|Love me some throwbacks|
I actually spend far more time doing this than I care to admit, but it got me thinking about things..and trends. Specifically equitation trends. Not specifically worldwide trends, but personal trends.
Since I tend to admittedly focus on the negative (I'm working on this, okay), I notice right away my giant obvious flaws throughout years. My wayward, drifting inside hand. My tendency to jump ahead. My other tendency to look down. My stupid thumbs pointing inwards on occasion. And the big one, closed hip angles.
|Looking down, per usual|
Generally this might be good thing, over fences specifically. But I'm talking about closed hip angles on the flat. As in, a dressage saddle. It is seemingly impossible for me to open my hip angle and keep my damn knee and leg back where it belongs. It just wants to live up front with the breastplate. this also leads to slumping forward and looking like a literal sack of potatoes on the saddle.
|Oh look, every single flaw in one picture!|
For real though, I feel like sack of useless muscles and bones at the moment, and miss the gym and riding more than I can describe. Actual torture.
The point being, I know my riding won't be up to par for a while, but I hope to focus on my strength and get back to tip-top shape soon enough.
Back to my main point.
Yes, I have tiny flaws that are easily fixed with practice (looking up, thumbs, inside hand) and constant self reminders, but my lifelong and biggest struggle has been feeling comfortable in a dressage saddle. Really, having a wide hip angle at all. Even in a jump saddle, I tend to close in on myself more than I should. I really work hard on things like my hands (since they like to live in my lap), and generally those self reminding sessions stick.
|The best period of time we ever looked on the flat. Winter 2013|
Coming from hunterland at an early age, the perch and pray/& or jump massively ahead position was engrained in my muscle memory for, apparently, forever. The single most difficult thing of my riding career has been transitioning from hunter crouch to a dressage seat. Thats like 40* of hip angle and my body wasn't (and still isn't half the time) ready, 11 years later.
|hip angle, WYD?|
|Literally, what is this? What is this position??|
|Classic getting thrown about by exuberance|
Therefore, for the sake of my horse and my riding, I began looking elsewhere to try and correct my hip angle.
|Literally the worst. I can't believe I'm positing this.|
This adventure led me to crossfit. Yes, yes, the cult. I won't spew my koolaid on you all again, but if you're interested, I detail my crossfit journey up top in the tabs on my blog.
Crossfit not only works with gymnastic movements, but also entails learning how to weightlift. Weightlifting is an integral part of crossfit, and learning how to lift properly is a lot like learning to ride. It requires exceptional body awareness (check), tenacity (check) and the desire to succeed (check). You don't necessarily have to be strong to weightlift, you just have to want it! Crossfit lifting combines Olympic lifting with strength training and promotes speed, power, coordination, agility, accuracy, and balance.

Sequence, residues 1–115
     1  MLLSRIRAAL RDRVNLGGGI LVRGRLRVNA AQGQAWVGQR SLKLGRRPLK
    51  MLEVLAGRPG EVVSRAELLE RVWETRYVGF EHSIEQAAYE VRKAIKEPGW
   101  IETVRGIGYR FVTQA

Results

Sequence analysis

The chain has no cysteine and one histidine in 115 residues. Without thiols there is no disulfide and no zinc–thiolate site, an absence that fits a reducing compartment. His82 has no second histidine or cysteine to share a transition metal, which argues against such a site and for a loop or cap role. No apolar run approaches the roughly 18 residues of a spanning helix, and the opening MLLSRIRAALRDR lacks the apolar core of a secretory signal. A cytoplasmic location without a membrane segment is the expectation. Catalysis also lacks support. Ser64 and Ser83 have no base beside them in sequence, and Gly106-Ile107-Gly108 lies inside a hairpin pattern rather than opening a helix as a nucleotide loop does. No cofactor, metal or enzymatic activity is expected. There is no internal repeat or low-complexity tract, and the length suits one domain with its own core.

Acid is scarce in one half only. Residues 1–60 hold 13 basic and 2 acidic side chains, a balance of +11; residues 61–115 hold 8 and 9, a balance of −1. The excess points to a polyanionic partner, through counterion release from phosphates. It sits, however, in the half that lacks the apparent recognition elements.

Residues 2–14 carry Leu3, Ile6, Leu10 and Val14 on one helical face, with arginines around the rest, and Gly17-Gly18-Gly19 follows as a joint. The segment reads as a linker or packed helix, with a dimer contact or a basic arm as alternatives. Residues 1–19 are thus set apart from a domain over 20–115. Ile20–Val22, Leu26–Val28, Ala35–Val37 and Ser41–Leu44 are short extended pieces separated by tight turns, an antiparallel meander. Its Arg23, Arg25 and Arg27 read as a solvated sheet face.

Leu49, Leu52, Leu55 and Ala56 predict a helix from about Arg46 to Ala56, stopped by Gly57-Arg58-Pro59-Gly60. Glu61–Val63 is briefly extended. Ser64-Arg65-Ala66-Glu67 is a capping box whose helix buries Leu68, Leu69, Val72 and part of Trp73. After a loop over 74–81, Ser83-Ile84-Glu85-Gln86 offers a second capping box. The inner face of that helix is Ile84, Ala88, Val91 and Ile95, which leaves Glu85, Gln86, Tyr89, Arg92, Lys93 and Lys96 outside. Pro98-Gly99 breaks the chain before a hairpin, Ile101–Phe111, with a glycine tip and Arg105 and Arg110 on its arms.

|Bangor demonstrating strong hips= strong lifts|
|a few days pre back injury (cause: horses) . I can assure you those abs are now gone|
Learning to weightlift was incredible for my hips. A lot of lifts (literally almost all of them) focus on the hips and use them to generate power for the lifts. My absolute favorite lift, the clean, focuses almost entirely on hip power.
|Practicing close grip overhead squat; a modification for my elbow/shoulder injury (cause; horses)|
In other words, opening that hip angle to generate lift to get that bar moving!
|1 week ago, practicing a clean with a PVC & on power opening my hip angle. Notice my feet are off the ground. Its all I'm allowed to do *sobs*|
Crossfit and weightlifting have done incredible things for my body, and I will never stop. I could go on and on about the positive affects its had on my riding.
My position gets pretty good...
However, thats not all! I have more tools to help!
Yoga has also been a staple in my life for about a year now. You can thank Bangor for this.
I generally focus on Crossfit yoga, called ROMWOD, which is a quick, daily yoga session you can run through in about 15-25 minutes. I try to do this almost every day (well, except for right now, for obvious injury related reasons) and if I skip a day or two, I really do feel a difference in my body immediately.
I also really enjoy hot yoga.
Crazy, coming from someone who despises summer, but hot yoga is glorious.
A session leaves you feeling satisfyingly sweaty. Like all your negativity, french fries and shame have been sweat out through your pores. Its amazing. Not only that, but you feel so bendy and stretchy.. simply delightful.
Seriously, if you ever feel this sick urge to feel your hip flexors almost snap, try yoga. It'll be amazing I promise.
Right now, I can't do any of it. But as soon as I have the go ahead, I will be diving back in...slowly and carefully, haha!
Now since I said I'm working on being more positive, I also want to take a second to praise myself on things I do well.
I am incredibly hard to toss off. Yay stickability! Over the years, my lower leg has maintained solidarity over fences. This pleases me, lots. Lastly, my hands are very forgiving and I'm quick to soften right when the horse needs it. This is good too.
|leg still there, even if upper body has peaced out|
So what I want to know this week is your strengths and weakness as a rider. It can either be position, or mental things, like bravery. I want to hear both, you HAVE to praise yourself too! Also, what do you do to help your weaknesses? Tell me dear readers, what do? I must know.